A prisoner who was in a police van with Freddie Gray, the Baltimore man whose death set off Monday’s riots, said Gray might have been “intentionally trying to injure himself” in the vehicle, according to a police report obtained by the Washington Post.
If true, this could blow to shreds the protesters’ entire theory — that police misconduct was solely to blame for Gray’s death.
The report was the lead item on “The Kelly File” Wednesday.
The unidentified prisoner who shared the van with Gray said he could hear Gray “banging against the walls,” although he could not see him because the two men were separated by a metal partition, according to the Post.
The document, written by a Baltimore police investigator, offers the first glimpse of what might have happened inside the van. It is not clear whether any additional evidence backs up the prisoner’s version, which is just one piece of a much larger probe.
Gray was found unconscious in the wagon when it arrived at a police station on April 12. The 25-year-old had suffered a spinal injury and died a week later, touching off waves of protests across Baltimore, capped by a riot Monday in which hundreds of angry residents torched buildings, looted stores and pelted police officers with rocks.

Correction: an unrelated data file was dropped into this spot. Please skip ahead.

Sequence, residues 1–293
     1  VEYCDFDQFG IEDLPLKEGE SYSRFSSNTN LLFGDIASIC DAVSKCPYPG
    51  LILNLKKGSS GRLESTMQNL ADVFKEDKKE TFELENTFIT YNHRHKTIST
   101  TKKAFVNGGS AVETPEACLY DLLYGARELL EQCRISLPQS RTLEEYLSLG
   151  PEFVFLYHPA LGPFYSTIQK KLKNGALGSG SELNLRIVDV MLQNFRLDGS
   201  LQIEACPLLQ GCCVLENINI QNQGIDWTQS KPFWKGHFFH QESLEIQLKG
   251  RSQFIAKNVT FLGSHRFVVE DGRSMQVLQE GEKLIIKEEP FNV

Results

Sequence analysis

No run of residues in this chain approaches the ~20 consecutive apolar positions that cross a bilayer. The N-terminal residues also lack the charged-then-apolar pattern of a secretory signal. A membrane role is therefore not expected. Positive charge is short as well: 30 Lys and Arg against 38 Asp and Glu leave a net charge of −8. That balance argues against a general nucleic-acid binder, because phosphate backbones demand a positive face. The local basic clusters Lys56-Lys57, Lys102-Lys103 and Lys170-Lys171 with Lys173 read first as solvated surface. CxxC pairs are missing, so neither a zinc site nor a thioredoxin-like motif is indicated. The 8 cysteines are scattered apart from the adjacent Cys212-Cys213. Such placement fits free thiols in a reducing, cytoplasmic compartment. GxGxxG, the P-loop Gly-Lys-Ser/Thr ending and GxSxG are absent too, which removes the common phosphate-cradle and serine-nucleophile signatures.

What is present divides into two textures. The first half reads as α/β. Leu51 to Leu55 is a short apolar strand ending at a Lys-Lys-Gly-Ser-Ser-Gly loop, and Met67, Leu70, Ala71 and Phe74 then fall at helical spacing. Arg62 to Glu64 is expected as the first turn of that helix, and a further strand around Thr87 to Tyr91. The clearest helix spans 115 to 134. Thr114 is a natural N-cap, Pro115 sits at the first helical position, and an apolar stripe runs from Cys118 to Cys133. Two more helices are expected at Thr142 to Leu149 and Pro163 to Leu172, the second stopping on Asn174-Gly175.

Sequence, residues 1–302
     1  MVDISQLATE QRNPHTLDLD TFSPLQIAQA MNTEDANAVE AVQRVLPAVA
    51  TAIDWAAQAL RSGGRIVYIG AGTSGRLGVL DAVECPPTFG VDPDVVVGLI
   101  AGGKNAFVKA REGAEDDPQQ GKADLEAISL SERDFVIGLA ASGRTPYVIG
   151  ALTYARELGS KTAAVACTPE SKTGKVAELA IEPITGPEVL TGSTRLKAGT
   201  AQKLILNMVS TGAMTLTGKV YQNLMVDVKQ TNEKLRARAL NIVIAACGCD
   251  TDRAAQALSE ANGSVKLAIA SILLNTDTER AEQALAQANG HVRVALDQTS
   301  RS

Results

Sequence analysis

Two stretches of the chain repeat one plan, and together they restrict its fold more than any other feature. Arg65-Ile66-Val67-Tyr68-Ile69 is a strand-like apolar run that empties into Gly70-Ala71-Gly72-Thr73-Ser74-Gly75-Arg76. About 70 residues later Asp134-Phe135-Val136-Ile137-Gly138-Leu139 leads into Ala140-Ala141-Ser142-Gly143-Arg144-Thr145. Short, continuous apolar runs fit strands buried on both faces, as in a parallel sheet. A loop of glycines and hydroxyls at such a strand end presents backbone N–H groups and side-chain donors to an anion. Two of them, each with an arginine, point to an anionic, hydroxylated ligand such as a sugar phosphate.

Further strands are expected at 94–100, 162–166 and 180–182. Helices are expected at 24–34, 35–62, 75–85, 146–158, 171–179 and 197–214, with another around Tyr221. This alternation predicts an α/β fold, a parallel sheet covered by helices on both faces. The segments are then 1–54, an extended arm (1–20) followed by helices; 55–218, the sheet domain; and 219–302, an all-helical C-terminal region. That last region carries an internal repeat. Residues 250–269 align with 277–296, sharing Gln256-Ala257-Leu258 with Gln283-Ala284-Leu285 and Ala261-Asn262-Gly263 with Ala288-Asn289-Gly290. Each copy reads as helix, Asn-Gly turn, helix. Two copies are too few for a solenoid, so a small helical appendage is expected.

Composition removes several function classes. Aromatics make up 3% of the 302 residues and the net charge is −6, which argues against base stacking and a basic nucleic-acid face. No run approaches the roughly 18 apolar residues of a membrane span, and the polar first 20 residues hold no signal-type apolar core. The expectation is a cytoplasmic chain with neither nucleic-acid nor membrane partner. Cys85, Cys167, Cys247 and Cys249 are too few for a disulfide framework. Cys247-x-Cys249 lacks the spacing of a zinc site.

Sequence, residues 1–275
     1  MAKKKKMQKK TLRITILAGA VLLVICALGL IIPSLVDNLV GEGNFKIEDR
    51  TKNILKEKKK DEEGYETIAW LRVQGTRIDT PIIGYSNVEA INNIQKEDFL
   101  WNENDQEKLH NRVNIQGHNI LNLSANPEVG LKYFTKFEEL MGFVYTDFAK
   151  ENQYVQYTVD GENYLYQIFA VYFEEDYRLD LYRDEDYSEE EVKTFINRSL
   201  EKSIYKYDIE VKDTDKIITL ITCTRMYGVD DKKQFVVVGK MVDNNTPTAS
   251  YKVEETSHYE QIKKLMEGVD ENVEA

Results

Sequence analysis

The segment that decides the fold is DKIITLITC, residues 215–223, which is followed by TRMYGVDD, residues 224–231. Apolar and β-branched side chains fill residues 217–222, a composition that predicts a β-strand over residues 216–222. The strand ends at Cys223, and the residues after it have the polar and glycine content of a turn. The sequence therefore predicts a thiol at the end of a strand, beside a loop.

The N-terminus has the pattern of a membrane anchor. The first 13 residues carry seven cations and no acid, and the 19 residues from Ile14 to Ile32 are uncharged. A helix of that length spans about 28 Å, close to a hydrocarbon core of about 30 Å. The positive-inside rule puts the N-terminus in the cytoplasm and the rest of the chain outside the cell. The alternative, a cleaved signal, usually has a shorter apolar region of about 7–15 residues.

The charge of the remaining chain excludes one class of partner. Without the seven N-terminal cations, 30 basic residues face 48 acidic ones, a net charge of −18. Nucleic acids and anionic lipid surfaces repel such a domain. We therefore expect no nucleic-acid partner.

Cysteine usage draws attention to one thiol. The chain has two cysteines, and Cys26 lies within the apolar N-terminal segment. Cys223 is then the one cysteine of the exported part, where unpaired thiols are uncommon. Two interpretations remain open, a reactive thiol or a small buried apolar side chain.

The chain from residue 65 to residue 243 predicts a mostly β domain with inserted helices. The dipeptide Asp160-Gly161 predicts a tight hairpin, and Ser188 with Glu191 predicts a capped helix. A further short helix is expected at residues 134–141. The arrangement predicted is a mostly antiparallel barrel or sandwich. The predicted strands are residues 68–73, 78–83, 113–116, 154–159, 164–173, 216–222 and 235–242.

The Post quoted a Gray family attorney who disputed the report’s version of events:
Jason Downs, one of the attorneys for the Gray family, said the family had not been told of the prisoner’s comments to investigators.
“We disagree with any implication that Freddie Gray severed his own spinal cord,” Downs said. “We question the accuracy of the police reports we’ve seen thus far, including the police report that says Mr. Gray was arrested without force or incident.”
Fox News host Megyn Kelly brought two guests on Wednesday to discuss these new developments in the case.
Former Los Angeles homicide detective Mark Furman told Kelly that there were a lot of opportunities for Gray to have injured himself, apart from any police involvement.
“There was a mile-long foot pursuit, so we don’t know what Freddie Gray did, what he jumped over, fell over or what he ran into,” Furman said. “And now we hear this.”
He concluded “this is so far short of a murder charge,” and noted that “there wasn’t even an altercation with the officers.”
Trial lawyer Wendell Brown cautioned against rushing to judgement exonerating the police, and emphasized that all the facts weren’t in yet.
He surmised that his injuries could have been the result of “brutality before he got in the van,” exacerbated by the van’s “rough ride” leading ultimately to his death.
On that basis, the police could be charged with “involuntary manslaughter, or even murder,” Brown claimed.
Furman said that without more evidence, it would be problematic to charge the officers of criminal behavior, “let alone convict.”
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